In fact, I don’t think you really even need to separate the tomato juice and pour it on later. I think you could probably throw everything into the pan and cook it at once and it would still come out good. Just try to remove all the tomato seeds.

If I had to do it over I think I’d double the recipe, too. It’s a lot of work for one tiny pan of veggies. Even if it is a relish, Mike and I still eat it like it’s at least a side dish.

DIY microwave popcorn

This was like a revelation for me. And it’s so simple it’s ridiculous.

I have been addicted to these little packs of lime and salt popcorn for snacks.

But then I read something (maybe in Readymade?) about how you can make your own microwave popcorn in a paper sack.

So I tried it, and it worked. And then I felt dumb for not thinking of it myself.

Here’s what I did:

I got a bag of regular paper lunch sacks and some popcorn kernels (these were tiny, so you might have to adjust the time for bigger kernels).

I put 1/4 a cup of kernels in a sack and drizzled on about a tablespoon of vegetable oil.

Don’t worry if your bag gets oily. It’s supposed to.

Then I microwaved it for two minutes, stopping it when I heard the kernals slowing down (it was about a minute and a half).

The popcorn came out just fine. I got a lot of old maids the first time, but haven’t since. I tried popping it for a minute and 45 seconds once, but then I got a bunch of burned kernels.

After it comes out, salt it generously. You could also use it to make a snack mix or caramel corn or popcorn balls or whatever your heart desires!

Rhubarb lemonade

I sure hope you’re not sick of rhubarb yet, because I have one more recipe for you. A few years ago, when I was new to rhubarb, Mike made this lemonade recipe, and it was just fantastic. We’ve made it a few time since then, including last night when we spiked it with rum and took it to a party. I suggest you do the same, if you get a chance!

Rhubarb lemonade

8 stalks rhubarb, chopped
8 cups water
1 cup sugar (or more to taste)
1/2 cup freshly squeezed lemon juice

Bring water and rhubarb to a boil in a big pot. Let it simmer for about half an hour, then turn of the pot and let it sit until cool. Strain out the rhubarb. Add lemon juice and sugar and stir to combine.

Serve over ice cubes with a sprig of fresh mint. You can also add carbonated water to make it fizzy.

Peanut butter pasta with veggies

Sounds weird, doesn’t it? But really this is kind of like a quick version of pad thai. Since it uses asparagus I thought it was perfect to make this time of year.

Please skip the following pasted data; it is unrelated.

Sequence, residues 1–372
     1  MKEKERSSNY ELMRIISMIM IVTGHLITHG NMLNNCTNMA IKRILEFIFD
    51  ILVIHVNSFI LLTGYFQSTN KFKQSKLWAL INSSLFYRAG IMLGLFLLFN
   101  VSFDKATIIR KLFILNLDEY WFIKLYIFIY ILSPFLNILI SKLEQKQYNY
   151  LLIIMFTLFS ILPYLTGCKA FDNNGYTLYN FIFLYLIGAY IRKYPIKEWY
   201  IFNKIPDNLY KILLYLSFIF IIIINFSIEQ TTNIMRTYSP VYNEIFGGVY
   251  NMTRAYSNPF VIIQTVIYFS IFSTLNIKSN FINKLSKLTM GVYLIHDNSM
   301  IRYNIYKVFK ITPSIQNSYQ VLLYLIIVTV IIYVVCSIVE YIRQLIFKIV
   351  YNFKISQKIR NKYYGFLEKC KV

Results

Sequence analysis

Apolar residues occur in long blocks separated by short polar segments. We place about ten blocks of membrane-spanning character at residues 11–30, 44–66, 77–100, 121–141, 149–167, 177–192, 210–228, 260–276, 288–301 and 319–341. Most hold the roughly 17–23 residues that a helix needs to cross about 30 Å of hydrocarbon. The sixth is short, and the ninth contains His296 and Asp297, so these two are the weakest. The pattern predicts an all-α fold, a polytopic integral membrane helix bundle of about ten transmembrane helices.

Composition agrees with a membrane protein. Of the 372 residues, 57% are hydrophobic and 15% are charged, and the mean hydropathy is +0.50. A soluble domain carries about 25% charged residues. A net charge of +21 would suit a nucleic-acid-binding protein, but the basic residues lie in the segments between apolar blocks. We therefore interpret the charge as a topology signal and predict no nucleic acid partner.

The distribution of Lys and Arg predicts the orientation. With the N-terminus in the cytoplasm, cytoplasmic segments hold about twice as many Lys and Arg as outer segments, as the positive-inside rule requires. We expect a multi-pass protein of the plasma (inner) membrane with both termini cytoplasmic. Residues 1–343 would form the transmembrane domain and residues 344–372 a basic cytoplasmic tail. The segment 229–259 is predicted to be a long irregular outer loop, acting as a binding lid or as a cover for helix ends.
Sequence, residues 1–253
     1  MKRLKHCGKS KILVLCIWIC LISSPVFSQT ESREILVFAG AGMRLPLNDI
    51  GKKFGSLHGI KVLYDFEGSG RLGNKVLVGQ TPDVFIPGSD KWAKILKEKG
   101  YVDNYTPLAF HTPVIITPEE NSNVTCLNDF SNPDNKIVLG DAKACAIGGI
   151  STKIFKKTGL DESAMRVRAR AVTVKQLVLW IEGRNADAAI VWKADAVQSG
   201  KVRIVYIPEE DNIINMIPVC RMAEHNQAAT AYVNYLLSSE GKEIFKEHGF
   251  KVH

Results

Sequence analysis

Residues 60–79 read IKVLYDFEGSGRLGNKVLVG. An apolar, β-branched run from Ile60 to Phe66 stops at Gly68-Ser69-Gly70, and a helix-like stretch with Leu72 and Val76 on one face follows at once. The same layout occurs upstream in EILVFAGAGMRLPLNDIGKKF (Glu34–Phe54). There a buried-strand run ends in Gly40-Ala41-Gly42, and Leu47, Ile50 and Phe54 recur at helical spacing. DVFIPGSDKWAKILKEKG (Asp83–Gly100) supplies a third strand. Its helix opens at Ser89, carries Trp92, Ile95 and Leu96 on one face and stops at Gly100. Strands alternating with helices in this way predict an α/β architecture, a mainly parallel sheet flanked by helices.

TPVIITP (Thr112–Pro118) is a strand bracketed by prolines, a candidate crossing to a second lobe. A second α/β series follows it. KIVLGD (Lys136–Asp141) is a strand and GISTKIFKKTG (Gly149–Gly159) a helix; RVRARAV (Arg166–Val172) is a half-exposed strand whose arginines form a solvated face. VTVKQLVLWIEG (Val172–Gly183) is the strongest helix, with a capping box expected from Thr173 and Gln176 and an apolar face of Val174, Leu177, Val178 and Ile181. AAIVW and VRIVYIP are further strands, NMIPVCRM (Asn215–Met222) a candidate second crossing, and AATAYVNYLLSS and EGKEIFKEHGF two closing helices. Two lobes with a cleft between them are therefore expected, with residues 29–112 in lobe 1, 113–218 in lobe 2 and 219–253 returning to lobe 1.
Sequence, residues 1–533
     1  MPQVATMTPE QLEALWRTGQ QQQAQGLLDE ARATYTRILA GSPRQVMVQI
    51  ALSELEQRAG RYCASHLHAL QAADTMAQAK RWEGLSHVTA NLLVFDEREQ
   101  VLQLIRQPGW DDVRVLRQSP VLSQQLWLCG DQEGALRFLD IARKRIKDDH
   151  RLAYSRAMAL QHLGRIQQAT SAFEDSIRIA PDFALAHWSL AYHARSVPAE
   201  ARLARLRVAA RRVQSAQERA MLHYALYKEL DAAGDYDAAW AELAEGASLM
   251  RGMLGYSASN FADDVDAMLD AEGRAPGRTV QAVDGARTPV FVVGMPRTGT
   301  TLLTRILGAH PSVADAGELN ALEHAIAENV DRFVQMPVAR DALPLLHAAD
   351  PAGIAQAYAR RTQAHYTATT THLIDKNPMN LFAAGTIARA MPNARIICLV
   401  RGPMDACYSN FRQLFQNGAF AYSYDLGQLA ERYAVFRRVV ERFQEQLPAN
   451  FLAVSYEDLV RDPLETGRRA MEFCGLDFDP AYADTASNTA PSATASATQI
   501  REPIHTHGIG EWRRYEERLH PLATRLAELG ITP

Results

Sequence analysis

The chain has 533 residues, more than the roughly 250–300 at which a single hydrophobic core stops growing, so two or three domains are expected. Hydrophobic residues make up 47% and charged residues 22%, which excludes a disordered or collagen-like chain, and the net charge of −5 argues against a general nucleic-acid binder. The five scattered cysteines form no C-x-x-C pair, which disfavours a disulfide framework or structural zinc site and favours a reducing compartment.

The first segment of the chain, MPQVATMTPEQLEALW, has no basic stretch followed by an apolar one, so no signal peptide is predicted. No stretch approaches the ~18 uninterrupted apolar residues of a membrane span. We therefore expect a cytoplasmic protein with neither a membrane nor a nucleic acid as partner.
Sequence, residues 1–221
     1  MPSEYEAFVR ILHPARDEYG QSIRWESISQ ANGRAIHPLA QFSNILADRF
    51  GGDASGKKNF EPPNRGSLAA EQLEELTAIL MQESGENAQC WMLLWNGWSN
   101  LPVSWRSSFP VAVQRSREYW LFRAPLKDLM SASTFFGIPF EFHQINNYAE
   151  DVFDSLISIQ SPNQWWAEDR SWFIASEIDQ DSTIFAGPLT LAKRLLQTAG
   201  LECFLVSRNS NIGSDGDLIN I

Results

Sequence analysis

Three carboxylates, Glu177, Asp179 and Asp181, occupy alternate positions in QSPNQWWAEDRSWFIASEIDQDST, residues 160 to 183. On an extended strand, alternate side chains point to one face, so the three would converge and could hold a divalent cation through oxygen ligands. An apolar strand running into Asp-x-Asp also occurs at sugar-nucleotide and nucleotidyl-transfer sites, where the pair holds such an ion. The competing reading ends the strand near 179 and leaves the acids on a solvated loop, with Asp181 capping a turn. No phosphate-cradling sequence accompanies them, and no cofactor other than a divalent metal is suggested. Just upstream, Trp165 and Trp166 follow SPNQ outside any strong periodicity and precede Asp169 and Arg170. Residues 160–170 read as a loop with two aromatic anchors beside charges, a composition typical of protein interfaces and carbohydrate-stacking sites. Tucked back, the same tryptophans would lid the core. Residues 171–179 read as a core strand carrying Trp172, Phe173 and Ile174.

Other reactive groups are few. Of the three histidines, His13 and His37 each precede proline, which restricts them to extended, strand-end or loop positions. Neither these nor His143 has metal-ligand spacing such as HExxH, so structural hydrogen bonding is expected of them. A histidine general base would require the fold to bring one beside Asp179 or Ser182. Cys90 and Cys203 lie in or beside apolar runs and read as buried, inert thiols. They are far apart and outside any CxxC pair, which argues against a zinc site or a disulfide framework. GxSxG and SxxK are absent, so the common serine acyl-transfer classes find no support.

Peanut butter pasta with veggies
adapted from Cooking Light’s Super Fast Suppers

1 pound asparagus, cut into 2-inch pieces
3 carrots, peeled and cut into matchsticks
1 red bell pepper, cut into matchsticks
1/2 a red onion, thinly sliced
8 ounces of angel hair pasta
1/3 cup smooth peanut butter
1/4 cup milk
2 tablespoons brown sugar
3 tablespoons soy sauce
3 tablespoons rice wine vinegar
1/2 teaspoon crushed red pepper flakes
2 tablespoons vegetable oil
Salt and pepper to taste
chopped peanuts (optional)

*To make this vegan, just sub veggie broth for the milk. This would be great with sauteed tofu, too.

Heat the oil in a big skillet over medium to medium-high heat and saute your veggies until they are soft and starting to get brown on the edges. Season with salt and pepper.

Meanwhile heat your pasta water to boiling and drop in your pasta. Since 8 ounces is roughly half a box, I use the highly scientific method of removing enough from the box until it looks halfway empty. Cook the pasta according to package directions.

Set your veggies aside and drain your pasta. Then you can use the veggie pan to warm up your sauce. Drop in the soy sauce, peanut butter, rice wine vinegar, brown sugar, milk, and red pepper flakes. Whisk that all together and add to the past and veggies in a bowl.

Toss to combine.

On a funny/ridiculous note I recently realized my camera has an auto white balance feature, so I don’t have to keep switching back and forth when I’m in the kitchen (half the time I’m under a yellowish light, the other half next to a sunny window). It actually works pretty well.

Black bean burgers

The snow is mostly gone, so I can go back to pretending it’s full-on springtime and make some recipes that remind me of barbecues and farmers markets. Right?

This one is a favorite. I wasn’t over the moon for it at first, but I tweaked it over time until I got it right.

I’ve been trying to get away from buying meat-like products at the grocery store. While they are vegetarian, they are just as processed as all the other crap I try not to buy. And I’m really trying to stick to Michael Pollan’s simple instruction: eat food.

But veggie burgers are tricky. They rarely hold together the way ground beef does. They can be crumbly and dry. They can be full of mushrooms, which I don’t love. These black bean burgers, if prepared correctly, are pretty great. The keys, I think, are to chop up your veggies extra small, squish the beans into an almost paste, and make sure that you have enough binder – either an egg, or some applesauce, if you want them vegan.